Despite my sensitivity, David and I are easy-going people. Normally we’d have taken such things in stride as an expected part of adventure in a new place. But we also knew we’d need down time to maintain our equilibrium. We thought we’d arranged for just that—a quiet, contemplative week to digest the wedding experience. Instead, the community we’d hoped would be peaceful and welcoming was opaque and almost impenetrable to casual visitors. We’d envisioned a serene setting, a meditative oasis, but the same scenes of deprivation and suffering were everywhere on the outskirts. Our guest house room, though clean, was stark and ill-lit, and filled with curry fumes from the kitchen exhaust fan below our glassless window. Hot water and electricity were intermittent. To top it off, we’d both picked up parasitic infections in the first week – the infamous Delhi belly. It seemed fitting that my digestive system was roiling along with my emotions. 

The morning after we arrived at the community, we came upon a tiny puppy lying, unmoving, in the heat of the sun by the side of the road. The owner of the café nearby said the puppy been hit by a motor bike. He seemed unconcerned, and his apathy was understandable. Why worry about one little dog in the midst of so much other human and animal suffering? The wall my heart had built to cope with the grief and intensity of India started to crack. I wanted to help the puppy. I wanted to walk away and not face the tide of utter helplessness I’d felt since we’d arrived. I didn’t want to drown in that tide I’d held at bay, and I struggled as I stood there, between opening my heart or closing it, trying to help or turning away. I struggled with my American assumptions in the midst of Indian realities. Suddenly it felt like a test, my heart being weighed on a scale.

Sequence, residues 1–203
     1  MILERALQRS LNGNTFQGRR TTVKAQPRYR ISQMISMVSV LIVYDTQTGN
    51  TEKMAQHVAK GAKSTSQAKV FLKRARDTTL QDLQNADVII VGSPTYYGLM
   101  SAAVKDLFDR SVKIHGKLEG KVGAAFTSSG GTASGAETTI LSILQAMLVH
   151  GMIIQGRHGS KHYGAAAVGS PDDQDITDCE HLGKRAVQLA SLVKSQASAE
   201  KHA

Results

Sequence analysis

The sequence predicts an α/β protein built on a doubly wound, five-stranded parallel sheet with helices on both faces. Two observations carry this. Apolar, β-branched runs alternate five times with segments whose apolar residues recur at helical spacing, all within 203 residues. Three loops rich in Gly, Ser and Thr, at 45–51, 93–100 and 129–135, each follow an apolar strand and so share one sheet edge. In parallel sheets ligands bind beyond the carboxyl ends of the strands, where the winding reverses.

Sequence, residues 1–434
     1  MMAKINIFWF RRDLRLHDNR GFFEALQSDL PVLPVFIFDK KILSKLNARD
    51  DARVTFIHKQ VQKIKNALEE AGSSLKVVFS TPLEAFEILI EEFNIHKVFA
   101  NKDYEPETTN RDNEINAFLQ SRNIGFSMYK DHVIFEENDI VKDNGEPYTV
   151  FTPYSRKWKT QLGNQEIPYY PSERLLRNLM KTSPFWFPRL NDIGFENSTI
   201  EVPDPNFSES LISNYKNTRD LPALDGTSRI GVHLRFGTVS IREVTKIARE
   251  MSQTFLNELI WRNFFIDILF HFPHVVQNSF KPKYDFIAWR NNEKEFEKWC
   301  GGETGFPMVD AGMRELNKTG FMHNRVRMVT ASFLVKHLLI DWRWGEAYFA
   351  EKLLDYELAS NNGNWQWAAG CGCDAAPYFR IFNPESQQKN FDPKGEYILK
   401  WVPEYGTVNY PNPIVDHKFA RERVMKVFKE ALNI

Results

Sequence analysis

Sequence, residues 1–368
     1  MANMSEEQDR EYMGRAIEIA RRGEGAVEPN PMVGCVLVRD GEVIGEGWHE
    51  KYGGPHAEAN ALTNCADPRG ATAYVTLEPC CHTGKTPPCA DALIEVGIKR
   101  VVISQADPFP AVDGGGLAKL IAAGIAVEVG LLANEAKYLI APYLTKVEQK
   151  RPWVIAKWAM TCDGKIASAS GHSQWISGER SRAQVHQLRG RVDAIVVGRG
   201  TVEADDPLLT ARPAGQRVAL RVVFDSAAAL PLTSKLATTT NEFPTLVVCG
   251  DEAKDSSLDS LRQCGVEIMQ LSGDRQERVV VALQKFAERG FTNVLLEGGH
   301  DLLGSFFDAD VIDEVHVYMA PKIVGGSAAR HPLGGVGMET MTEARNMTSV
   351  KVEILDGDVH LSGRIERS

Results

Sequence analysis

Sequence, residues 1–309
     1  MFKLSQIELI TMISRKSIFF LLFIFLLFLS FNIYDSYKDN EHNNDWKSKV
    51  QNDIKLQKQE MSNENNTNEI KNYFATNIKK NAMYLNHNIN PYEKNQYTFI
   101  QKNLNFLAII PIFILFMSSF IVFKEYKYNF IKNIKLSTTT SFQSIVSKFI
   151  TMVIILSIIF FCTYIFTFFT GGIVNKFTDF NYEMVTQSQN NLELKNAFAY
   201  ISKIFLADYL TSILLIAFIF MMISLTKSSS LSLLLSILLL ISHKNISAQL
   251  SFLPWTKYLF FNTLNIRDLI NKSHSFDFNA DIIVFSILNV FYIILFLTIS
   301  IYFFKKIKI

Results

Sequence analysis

Hesitantly, I asked the café owner for a bowl of water and a towel. I washed the puppy’s wounds, nestled her in the towel, gave her an energy healing with the help of my inner colleagues, and blessed her. Though I didn’t think she’d survive the night, I resolved to find out if there was an animal shelter, or at least a concerned person who might help. I couldn’t do anything for the begging children, or the women raising families on landfills, or the skeletal cows eating trash, but I could do something for this puppy. I clung to her welfare in the midst of my overwhelm as a tiny act of love I could take to buoy my drowning heart.

I teach a form of meditation called Yoga Nidra, which means yogic sleep. It’s deeply restful and restorative, but one of the most powerful practices within it is called playing with opposites. First you focus awareness on, say, an emotion like fear, noticing how it feels in the body. Then you focus on the opposite emotion—perhaps safety. Then you move back and forth, noticing differences in how the body responds. And then you hold both opposites in awareness simultaneously— hard to do intellectually, but revelatory when you surrender to it as a felt sense in the body.